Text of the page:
Of course, looking on the bright side while also peering down a pit of despair is much easier said than done. But while we’re waiting to ride out the waves of our worry and for those chinks of light to reveal themselves, there are choices we can make, steps that we can take that’ll help or hideously hamper this process.

For me, watching the news is a no-no, bright lights, fast-paced, emotionally draining. While reading the latest news online, just once or twice a day feels far less of an onslaught on my emotions and much easier to pull away from if it starts to feel too much. We can’t control everything we’re exposed to but we do get to take charge of where we focus our attention. We can choose to surround ourselves with positive messages, mantras, quotes, books and videos that inspire and delight us rather than dragging us down.

Celebrate small wins

We don’t have to tackle everything all at once. But rather like choosing where we focus our attention, we get to choose the direction we’re facing.


The power of five.

Read a little, try a little, wait a while, watch.

All strategies we can use to gently, intentionally head with purpose towards what we want, rather than the outcomes we dread. And for every move we make in the right direction we can celebrate knowing we ‘re on our way πŸ™‚

Seek out good company

Facing our worries alone is tough but for many of us, asking for help, is even harder. But whether or not we’re ready to share, spending time with those we love can make even the darkest moments, a little brighter.

And for those times when there’s no-one around or we’re not ready for company, there’s always our internet besties. Creating a list of blogs and YouTube channels that build us up when we’re feeling down can be a valuable go-to on those days we’re feeling stuck or isolated.

Take a break

Sometimes when we’re consumed by our worry and our fear, it helps to step away. Even for a moment, shifting our gaze away from our worry helps us recharge and reset so we’re better equipped to rise to whatever challenges lay ahead.


Smiling is a powerful signal that we’re okay. And in case you think this is veering too much into fake it ’til you make it territory, I prefer to think of it as…

Practice it, until you perfect it πŸ™‚


Moving our bodies moves our emotions. Straightening our posture, stretching our bodies and shifting our gaze up and outwards all help to ease tension. When we get physically active, our brains release feel-good chemicals and we start to feel happier.

Any old movement will do but if like me, you’re a fan of walking and yet you can’t get outside, check out my favourite walking workouts here.

Fresh air and light

Spending time in nature lifts our spirits and can widen our perspective. And even when we’re not able to take a walk in the countryside, it can help to make sure we’re getting enough light and fresh air. Open the curtains as soon as you wake up, throw open the windows and take some deep breaths.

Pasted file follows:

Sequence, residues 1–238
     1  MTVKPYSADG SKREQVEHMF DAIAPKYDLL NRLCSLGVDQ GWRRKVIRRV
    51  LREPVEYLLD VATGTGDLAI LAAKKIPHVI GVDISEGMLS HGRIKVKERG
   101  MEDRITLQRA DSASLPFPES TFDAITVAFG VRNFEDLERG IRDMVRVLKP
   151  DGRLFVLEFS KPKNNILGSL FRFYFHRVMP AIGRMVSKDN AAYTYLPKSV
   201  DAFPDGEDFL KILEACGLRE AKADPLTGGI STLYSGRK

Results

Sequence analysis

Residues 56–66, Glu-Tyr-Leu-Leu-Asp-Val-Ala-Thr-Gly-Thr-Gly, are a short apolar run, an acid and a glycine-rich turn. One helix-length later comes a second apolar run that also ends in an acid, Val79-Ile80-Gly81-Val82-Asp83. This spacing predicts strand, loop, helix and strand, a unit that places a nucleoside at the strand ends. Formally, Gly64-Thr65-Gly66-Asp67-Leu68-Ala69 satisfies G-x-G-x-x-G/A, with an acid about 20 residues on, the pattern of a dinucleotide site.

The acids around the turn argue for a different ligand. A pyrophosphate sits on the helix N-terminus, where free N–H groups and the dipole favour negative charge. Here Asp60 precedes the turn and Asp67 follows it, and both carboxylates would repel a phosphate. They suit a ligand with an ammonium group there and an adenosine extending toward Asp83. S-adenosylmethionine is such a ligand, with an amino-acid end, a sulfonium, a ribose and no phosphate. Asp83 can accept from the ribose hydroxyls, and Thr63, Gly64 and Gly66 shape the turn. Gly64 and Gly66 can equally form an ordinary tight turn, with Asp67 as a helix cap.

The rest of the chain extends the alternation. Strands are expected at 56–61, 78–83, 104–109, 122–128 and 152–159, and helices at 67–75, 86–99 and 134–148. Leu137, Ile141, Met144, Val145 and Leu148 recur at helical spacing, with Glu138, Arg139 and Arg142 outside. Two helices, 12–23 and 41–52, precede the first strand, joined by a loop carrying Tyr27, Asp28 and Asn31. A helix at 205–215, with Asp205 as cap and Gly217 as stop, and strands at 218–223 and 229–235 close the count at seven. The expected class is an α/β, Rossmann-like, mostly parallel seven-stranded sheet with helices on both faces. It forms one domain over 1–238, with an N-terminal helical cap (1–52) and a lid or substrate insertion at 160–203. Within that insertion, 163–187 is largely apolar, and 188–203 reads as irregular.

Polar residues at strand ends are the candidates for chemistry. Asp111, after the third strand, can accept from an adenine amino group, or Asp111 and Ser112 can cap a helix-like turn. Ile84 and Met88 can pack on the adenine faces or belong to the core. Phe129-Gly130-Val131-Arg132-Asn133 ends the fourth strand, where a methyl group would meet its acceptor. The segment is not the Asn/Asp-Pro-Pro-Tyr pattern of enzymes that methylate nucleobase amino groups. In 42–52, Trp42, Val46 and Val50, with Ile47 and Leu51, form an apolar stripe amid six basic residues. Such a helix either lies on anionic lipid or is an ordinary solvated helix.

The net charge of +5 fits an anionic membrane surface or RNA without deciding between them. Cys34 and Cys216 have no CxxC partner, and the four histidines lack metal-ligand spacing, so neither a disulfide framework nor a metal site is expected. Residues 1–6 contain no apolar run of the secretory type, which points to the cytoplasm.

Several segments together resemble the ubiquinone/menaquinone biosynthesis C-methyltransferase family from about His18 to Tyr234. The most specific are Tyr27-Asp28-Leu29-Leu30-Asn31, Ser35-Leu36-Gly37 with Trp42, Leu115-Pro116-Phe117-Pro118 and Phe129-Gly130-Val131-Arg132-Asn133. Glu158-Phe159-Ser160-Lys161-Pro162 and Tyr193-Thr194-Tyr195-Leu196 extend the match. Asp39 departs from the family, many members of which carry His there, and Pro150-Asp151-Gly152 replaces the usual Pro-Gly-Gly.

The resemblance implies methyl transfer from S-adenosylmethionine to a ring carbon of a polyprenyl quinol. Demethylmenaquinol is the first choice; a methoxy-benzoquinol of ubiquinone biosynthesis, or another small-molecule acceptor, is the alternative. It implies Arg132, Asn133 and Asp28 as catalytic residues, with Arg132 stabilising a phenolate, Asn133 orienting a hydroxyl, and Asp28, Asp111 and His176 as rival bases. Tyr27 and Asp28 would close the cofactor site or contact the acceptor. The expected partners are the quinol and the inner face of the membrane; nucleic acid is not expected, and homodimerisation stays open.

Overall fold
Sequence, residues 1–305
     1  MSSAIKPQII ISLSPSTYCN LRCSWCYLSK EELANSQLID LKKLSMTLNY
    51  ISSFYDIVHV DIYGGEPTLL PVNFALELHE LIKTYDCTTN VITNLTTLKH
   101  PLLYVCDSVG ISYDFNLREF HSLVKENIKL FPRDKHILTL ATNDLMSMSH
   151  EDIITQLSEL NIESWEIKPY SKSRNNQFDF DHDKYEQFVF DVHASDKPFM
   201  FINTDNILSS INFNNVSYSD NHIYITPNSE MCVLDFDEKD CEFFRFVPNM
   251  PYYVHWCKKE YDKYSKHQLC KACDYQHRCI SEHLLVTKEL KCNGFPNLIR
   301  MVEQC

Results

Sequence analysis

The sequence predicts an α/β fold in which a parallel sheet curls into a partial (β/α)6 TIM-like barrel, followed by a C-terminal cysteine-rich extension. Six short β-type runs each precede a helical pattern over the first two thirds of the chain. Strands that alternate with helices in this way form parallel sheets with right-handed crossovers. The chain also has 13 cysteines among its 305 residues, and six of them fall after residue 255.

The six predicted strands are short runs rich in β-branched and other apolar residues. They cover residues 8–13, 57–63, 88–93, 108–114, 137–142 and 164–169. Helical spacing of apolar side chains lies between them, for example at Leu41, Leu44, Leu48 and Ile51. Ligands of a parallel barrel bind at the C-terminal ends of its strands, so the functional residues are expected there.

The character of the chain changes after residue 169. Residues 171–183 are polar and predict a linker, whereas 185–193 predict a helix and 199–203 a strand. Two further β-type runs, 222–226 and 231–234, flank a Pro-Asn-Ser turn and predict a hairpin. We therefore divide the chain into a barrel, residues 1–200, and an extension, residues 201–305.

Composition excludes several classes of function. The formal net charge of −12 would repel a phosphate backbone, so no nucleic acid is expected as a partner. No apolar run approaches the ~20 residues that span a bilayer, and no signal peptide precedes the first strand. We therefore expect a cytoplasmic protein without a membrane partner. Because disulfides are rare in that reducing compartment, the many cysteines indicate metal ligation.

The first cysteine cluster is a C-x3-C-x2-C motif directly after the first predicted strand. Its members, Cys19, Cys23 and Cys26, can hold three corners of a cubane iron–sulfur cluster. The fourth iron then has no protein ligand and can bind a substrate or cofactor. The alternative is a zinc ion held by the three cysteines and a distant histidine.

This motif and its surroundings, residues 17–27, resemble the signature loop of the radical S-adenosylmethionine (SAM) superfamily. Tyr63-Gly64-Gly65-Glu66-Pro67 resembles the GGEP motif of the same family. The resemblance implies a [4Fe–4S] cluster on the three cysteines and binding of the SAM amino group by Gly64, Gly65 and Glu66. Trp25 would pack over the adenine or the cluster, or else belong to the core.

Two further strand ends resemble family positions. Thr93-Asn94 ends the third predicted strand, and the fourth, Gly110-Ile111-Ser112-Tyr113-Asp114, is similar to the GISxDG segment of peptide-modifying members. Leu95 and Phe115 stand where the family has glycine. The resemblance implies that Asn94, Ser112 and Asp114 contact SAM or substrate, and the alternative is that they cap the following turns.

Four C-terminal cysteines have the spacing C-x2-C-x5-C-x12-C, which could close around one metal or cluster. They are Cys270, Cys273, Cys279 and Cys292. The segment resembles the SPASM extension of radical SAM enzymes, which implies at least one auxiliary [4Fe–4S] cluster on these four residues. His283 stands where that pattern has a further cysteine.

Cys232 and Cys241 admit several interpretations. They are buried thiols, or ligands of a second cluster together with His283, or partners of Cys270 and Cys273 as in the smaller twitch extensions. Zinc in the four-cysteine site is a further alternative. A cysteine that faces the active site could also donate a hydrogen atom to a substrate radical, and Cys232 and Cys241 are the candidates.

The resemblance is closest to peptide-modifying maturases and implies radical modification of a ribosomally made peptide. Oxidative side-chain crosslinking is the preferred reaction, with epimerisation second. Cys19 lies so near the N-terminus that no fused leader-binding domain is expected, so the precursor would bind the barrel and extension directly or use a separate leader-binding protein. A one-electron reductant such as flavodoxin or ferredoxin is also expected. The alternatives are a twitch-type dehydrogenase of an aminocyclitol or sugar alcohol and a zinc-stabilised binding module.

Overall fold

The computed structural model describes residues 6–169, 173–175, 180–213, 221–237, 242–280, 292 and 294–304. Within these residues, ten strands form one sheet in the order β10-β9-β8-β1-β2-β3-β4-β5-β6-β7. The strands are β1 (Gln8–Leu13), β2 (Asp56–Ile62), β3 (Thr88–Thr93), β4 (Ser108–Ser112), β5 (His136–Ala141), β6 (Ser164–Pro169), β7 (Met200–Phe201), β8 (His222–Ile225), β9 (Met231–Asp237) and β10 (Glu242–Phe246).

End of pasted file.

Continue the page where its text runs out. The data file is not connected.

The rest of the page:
Drink water

Many of us don’t drink enough water. Even mild dehydration strains our system, physically and emotionally. Drinking water boosts our energy and our brain power, helping us think more clearly and act with intention. Downing a glass of water mindfully relaxes and refreshes our minds as well as our bodies.

Have fun

Taking time out from our worries to visit our joy lists and have fun might seem like a stretch, a frivolous waste of our time. We feel guilty and irresponsible, fearing that others will see us as heartless and uncaring.

Yet following our joy is an act of self-care and a powerful example for others around us. Doing what we love helps harness the power of hope, it builds our resilience and our confidence. Leaving us better placed to find the energy and enthusiasm we need to deal with difficulties and cope in a crisis.

Sleep on it

Getting enough rest is vital to our physical and emotional health. But it can be tough to prioritise our own sleep when we’ve got little ones, work to do and so much we want to accomplish. Yet skipping sleep is a false economy, affecting our mood and stifling our creativity.

The world often seems a friendlier place after some sleep and if not, at least we’ve got more energy to face it. Consider setting yourself a bedtime, following a night-time routine and even taking naps to recharge and refresh πŸ™‚

Let me know in the comments, what’s helping you in these worrying times?

If you’re looking for more relief from your worries, I recently posted some soothing quotes for scary times. I’d love to know what you thought of them.

For more posts on intentional living, click on Living at the top of the page.

And if you’re an intentional home-edder or you’ve found yourself unexpectedly homeschooling, check out the Learning archives.

May all your worries be little ones πŸ™‚


  1. Yes, I relate to this! Particularly like this: “Sometimes we need to go deep into our worries, be honest about what’s really bothering us and maybe even give ourselves permission to panic” Oh yes… definitely. Thank you for these thoughts!

    1. Hayley says:

      Thanks for your comment Alice, much appreciated. Been plenty of opportunities this year to go deep and also to work on not staying in that panic zone too long πŸ™‚

  2. Very timely, Hayley! I absolutely love the Erma Bombeck quote and hadn’t been familiar with Byron Katie but it gives a really concrete way to process worry. Thanks for this:).

    1. Hayley says:

      Thanks Erin, yep I love the way that quote shows how worry can keep us stuck. And I’m so glad to introduce you to Byron Katie, I’ve found her work really useful over the years πŸ™‚